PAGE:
2002 Denver Annual Meeting (October 27-30, 2002)

Paper No. 8
Presentation Time: 8:00 AM-12:00 PM


UDDIN, Ashraf1, KASSOS, Gabriel1, BEASLEY, Brian1, LOGAN, Taylor1 and SARMA, J.N.2, (1)Geology & Geography, Auburn Univ, 210 Petrie Hall, Auburn, AL 36849, (2)Dept. of Applied Geology, Dibrugarh Univ, Dibrugarh, Assam, India, kassoga@auburn.edu

The western Himalayan mountains have been studied in relative detail, and much is known about the tectonic history of that area. Many of the same questions remain unanswered about the eastern Himalayas. This complex region includes both the Himalayan and Indo-Burman ranges. These two systems wrap around the Bengal and Assam basins, which record the geologic history of the area in the form of trapped orogenic sediments. Analysis of sediments from these two sites sheds light on the history of this poorly known area.

This study is focused on identification, description, and abundance of the heavy-mineral fraction from the Neogene Surma and Tipam Groups near the Dibrugarh area of Assam, India. Heavy minerals account for between <1% and 3.5% of total sample weight. The most common particle size is 2-3f (fine sand), with 41-66% of the heavy fraction falling into this interval. Most of the remaining heavy fraction is roughly evenly split between the 1-2f and 3-4f intervals. The 0-1f fraction generally contains less than 1% of total heavy minerals. Preliminary mineral identification has yielded angular to subrounded garnet, topaz, zircon, tourmaline, apatite, zoisite, augite, rutile, pyroxenes, amphiboles, chlorite, and opaque minerals. Opaque minerals dominate, followed by garnets.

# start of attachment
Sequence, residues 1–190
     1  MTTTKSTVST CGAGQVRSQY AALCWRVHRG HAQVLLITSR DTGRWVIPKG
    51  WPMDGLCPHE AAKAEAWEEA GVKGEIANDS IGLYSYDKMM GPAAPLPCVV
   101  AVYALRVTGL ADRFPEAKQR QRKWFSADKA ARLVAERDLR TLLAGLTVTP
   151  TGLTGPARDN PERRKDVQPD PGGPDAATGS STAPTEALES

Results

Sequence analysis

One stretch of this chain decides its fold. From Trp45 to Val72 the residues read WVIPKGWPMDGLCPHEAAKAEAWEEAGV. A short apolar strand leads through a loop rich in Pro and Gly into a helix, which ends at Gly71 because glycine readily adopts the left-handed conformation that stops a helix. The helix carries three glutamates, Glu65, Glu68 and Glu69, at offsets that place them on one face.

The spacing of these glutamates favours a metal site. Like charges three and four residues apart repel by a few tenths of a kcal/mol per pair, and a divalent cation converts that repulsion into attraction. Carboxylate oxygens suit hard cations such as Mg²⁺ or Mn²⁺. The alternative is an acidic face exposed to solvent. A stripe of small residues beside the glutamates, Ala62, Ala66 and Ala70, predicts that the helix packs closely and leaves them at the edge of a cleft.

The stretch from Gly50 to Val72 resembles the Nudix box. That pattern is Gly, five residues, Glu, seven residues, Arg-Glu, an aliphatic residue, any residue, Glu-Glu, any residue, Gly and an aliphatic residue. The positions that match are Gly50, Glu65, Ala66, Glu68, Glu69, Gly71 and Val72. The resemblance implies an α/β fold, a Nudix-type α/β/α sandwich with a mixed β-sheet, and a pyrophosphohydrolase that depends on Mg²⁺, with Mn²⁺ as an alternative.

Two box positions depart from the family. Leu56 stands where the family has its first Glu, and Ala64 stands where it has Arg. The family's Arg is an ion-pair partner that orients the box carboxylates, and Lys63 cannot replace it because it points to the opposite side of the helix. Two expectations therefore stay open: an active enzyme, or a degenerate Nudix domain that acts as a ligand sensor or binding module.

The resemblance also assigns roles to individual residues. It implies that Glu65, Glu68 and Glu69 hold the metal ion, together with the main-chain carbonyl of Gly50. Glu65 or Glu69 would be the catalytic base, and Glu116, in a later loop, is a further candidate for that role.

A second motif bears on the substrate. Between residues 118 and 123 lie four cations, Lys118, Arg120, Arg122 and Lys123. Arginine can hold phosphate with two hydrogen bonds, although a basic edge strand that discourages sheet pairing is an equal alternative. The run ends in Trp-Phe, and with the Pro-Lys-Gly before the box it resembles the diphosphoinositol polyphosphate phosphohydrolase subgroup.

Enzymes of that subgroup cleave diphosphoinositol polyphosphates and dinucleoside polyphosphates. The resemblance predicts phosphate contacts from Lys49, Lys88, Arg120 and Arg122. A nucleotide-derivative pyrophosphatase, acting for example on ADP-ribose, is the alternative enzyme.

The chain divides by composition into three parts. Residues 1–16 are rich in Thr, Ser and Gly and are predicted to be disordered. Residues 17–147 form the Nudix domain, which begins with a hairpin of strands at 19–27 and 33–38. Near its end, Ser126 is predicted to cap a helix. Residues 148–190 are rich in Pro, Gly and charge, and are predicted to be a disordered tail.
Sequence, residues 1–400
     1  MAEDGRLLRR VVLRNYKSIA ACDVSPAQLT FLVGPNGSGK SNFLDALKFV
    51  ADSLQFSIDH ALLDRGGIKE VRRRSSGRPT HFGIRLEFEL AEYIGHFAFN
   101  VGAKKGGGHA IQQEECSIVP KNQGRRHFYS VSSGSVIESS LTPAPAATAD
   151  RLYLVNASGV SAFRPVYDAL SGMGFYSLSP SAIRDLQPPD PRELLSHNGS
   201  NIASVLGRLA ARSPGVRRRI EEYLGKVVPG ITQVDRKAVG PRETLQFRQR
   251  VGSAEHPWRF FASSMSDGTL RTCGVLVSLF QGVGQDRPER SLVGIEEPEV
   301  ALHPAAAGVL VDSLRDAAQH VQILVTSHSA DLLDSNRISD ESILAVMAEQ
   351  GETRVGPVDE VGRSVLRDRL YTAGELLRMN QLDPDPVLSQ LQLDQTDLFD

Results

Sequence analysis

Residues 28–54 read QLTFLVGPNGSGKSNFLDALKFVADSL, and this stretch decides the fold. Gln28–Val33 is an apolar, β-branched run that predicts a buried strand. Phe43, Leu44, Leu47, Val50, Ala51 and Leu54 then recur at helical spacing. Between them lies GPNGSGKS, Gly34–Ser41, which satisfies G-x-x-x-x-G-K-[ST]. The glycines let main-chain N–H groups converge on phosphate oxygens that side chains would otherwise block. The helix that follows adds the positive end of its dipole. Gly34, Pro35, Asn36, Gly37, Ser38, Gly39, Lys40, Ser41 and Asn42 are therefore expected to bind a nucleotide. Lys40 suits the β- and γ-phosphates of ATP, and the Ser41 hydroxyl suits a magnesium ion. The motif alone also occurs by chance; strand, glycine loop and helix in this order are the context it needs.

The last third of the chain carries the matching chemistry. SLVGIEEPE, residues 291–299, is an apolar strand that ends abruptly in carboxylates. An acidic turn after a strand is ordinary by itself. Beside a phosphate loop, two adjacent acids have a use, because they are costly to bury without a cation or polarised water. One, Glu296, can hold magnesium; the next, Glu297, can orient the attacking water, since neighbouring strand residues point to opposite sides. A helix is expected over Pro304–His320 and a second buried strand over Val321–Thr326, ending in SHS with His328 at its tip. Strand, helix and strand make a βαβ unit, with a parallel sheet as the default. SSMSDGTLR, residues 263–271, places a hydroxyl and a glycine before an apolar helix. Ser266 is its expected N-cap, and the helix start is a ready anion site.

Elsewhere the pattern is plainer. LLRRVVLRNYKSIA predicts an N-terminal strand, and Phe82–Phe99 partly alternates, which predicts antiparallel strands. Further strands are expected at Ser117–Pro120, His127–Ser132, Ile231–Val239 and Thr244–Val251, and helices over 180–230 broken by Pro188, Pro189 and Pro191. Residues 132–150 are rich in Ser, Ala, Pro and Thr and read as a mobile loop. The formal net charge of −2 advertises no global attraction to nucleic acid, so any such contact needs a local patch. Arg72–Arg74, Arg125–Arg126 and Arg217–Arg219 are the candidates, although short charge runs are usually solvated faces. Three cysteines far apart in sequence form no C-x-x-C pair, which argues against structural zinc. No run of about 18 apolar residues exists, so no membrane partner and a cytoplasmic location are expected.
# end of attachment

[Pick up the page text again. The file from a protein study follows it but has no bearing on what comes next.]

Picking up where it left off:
The presence of angular grains indicates close proximity to the sediment-source area. Preliminary mineral identification suggests derivation of the minerals from mostly medium-grade metamorphic rocks. Unlike the Neogene sections of the adjacent Bengal basin, heavy-mineral contents in the Dibrugarh area do not show an obvious trend in heavy-mineral distributions that would indicate progressive unroofing of an orogenic belt. High-grade and low-grade minerals are subequally distributed in all Neogene sections studied. Ongoing analysis is directed toward constraining orogenic timing, metamorphic grades of the orogenic sources, erosional patterns, and basin-wide stratigraphy.